Thanks in advance.

I have always worked with SQL Server and never really had any exposure to MySQL. I now have to determine the preferred setup for MySQL when there are four servers involved. Ideally, the solution needs to allow for Master to Master replication/automatic failover with each Master replicated to its own Slave. The Slave does not need to be promoted to a Master in any scenario, but it does need to be updated from its Master.

In .Net, and with SQL Server, it was always easy to set up mirroring/failover with a witness and then simply incorporating the "failover" server directly in the configuration file's connection string. MySQL seems to be much more involved.

I've read a good bit about MySQL replication and the potential pitfalls it may include and I would like to avoid those if possible. I've also started looking into MySQL clustering, but I'm not sure that is the best solution here since the servers are setup to be separate from each other in a primary/secondary set (with the Master in each being replicated).

Ultimately, it is just Primary Master <-> Secondary Master and then a Slave behind each Master. If there is a better solution such as using all four servers (even though separated by Primary/Secondary domains) with clustering etc. please reply also - just trying to determine the best setup.

I should note that this is for installation on Windows Server 2012 R2.

It is difficult to find this setup anywhere through searching!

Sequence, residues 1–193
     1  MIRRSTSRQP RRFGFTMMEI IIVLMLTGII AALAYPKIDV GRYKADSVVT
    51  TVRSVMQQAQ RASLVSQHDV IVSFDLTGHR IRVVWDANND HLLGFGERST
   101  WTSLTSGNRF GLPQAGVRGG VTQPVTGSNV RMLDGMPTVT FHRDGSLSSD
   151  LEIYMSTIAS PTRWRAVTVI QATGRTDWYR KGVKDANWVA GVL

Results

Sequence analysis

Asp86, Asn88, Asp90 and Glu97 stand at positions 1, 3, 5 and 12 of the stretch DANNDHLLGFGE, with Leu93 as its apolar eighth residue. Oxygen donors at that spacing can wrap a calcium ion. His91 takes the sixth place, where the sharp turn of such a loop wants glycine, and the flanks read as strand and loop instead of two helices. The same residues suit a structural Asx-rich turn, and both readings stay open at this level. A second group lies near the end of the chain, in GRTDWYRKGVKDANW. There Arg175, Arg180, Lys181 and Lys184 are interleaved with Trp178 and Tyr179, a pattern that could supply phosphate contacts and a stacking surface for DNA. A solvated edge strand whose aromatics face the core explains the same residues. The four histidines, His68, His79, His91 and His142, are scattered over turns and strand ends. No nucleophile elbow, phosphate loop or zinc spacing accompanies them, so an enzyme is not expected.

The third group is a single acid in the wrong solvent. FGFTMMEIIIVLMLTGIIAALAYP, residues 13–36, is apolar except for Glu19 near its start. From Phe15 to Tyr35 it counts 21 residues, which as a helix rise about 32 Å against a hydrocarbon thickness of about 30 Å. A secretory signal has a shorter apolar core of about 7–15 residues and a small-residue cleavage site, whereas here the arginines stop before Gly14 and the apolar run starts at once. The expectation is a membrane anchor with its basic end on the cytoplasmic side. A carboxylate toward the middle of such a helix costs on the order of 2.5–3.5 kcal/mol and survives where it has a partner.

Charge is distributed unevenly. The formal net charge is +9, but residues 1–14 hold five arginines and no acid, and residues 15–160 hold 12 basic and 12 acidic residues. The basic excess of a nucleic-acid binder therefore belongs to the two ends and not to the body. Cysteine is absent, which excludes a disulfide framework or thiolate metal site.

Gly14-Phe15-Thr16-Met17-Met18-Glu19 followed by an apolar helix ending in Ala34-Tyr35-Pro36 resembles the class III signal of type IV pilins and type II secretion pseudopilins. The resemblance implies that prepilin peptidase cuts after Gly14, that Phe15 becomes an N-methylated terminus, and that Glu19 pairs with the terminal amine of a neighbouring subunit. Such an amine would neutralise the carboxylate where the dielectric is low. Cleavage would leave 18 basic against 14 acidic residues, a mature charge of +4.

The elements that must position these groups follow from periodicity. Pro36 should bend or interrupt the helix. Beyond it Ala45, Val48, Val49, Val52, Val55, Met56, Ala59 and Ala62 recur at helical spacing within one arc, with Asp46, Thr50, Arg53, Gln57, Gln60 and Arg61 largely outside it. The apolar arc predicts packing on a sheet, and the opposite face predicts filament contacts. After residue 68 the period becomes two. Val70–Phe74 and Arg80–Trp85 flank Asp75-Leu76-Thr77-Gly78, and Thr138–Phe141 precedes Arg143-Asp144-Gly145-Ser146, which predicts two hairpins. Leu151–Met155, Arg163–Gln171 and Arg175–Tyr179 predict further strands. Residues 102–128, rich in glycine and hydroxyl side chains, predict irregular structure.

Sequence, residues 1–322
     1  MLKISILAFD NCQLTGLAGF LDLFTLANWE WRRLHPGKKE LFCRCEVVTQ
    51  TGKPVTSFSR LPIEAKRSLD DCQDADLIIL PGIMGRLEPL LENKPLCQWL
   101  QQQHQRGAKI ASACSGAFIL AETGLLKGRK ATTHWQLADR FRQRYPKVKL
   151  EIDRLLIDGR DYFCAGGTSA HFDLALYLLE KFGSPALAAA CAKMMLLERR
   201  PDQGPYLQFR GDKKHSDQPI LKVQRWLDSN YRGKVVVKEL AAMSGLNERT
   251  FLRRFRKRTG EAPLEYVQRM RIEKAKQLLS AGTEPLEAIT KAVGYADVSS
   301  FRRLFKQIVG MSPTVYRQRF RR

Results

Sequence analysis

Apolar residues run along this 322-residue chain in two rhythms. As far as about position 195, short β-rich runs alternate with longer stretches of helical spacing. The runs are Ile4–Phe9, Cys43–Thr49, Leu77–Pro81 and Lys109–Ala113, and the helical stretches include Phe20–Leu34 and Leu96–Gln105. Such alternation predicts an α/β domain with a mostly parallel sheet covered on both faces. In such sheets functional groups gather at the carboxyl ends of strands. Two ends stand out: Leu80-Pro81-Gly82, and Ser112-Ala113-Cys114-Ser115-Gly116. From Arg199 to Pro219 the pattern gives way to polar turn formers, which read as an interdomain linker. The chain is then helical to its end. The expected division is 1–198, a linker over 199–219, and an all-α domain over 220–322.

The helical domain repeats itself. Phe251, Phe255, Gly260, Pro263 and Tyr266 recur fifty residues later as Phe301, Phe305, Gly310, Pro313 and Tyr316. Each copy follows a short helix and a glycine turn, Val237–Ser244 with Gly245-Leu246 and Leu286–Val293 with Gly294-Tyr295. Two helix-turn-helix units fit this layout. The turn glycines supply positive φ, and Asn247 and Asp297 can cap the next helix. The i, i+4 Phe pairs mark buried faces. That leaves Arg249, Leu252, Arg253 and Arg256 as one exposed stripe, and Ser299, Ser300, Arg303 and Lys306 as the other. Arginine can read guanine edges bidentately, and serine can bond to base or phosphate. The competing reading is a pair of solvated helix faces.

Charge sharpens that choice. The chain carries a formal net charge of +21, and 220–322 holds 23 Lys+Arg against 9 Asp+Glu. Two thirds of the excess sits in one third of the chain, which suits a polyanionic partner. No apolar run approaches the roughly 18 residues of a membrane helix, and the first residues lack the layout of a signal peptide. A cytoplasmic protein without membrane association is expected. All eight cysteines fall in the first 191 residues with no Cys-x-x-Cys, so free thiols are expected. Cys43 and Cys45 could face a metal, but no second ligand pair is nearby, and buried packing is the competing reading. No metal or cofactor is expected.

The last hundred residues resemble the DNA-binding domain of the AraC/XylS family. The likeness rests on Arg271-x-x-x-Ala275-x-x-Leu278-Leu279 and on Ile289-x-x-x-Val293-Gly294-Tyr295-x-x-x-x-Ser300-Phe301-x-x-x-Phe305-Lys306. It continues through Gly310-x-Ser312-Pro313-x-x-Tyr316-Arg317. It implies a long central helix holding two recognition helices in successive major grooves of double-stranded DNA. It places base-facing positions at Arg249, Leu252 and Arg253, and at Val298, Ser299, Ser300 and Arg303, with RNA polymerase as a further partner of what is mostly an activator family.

Any help is greatly appreciated!

  • Yes, you can change to MariaDB Database. it is binary replacement and there you can use Galera Cluster. Galera is a Multi Master MySQL Database. So in this construct is NO Slave, You can read and write to each node and there are only a few limitations. And if you use MaxScale (DB Proxy) also from MariaDB they can do automatic failover to all active Nodes. You can also add direcly an empty node. see: mariadb.com/kb/en/mariadb/what-is-mariadb-galera-cluster
    – Bernd Buffen
    Commented May 12, 2016 at 19:16
  • Hi Bernd. Thank you for the reply. I meant to mention that this is for installation on Windows Server 2012 R2 and I do not believe MariaDB is supported on Windows (at least to my knowledge). This is one of the limitations I'm facing - or at least it feels like a big limitation! Thanks
    – S9Desi
    Commented May 12, 2016 at 19:34
  • sorry, this looks like a big limitation. i know that in MariaDB version 10.1.x all Galera included and this version is also download for Windows, but i have never seen Galera running on a Windows machine. Sorry for my answer
    – Bernd Buffen
    Commented May 12, 2016 at 19:46
  • No problem, thank you for your reply. I added the information to the post and I appreciate you looking at it!
    – S9Desi
    Commented May 12, 2016 at 19:51

1 Answer 1

  • MHA orchestrates the reconnection of slaves as needed.

  • Orchestrator orchestrates the reconnection of slaves as needed.

  • Galera (PXC, MariaDB) eliminates the need for failover by having all nodes writable, plus automatic repair of nodes that were offline.

  • Fabric is another way.

  • Doing the task yourself is possible, but complex, risky, etc, etc.

  • Thank you for the help Rick - I have a much better understanding of the options now.
    – S9Desi
    Commented May 24, 2016 at 20:48

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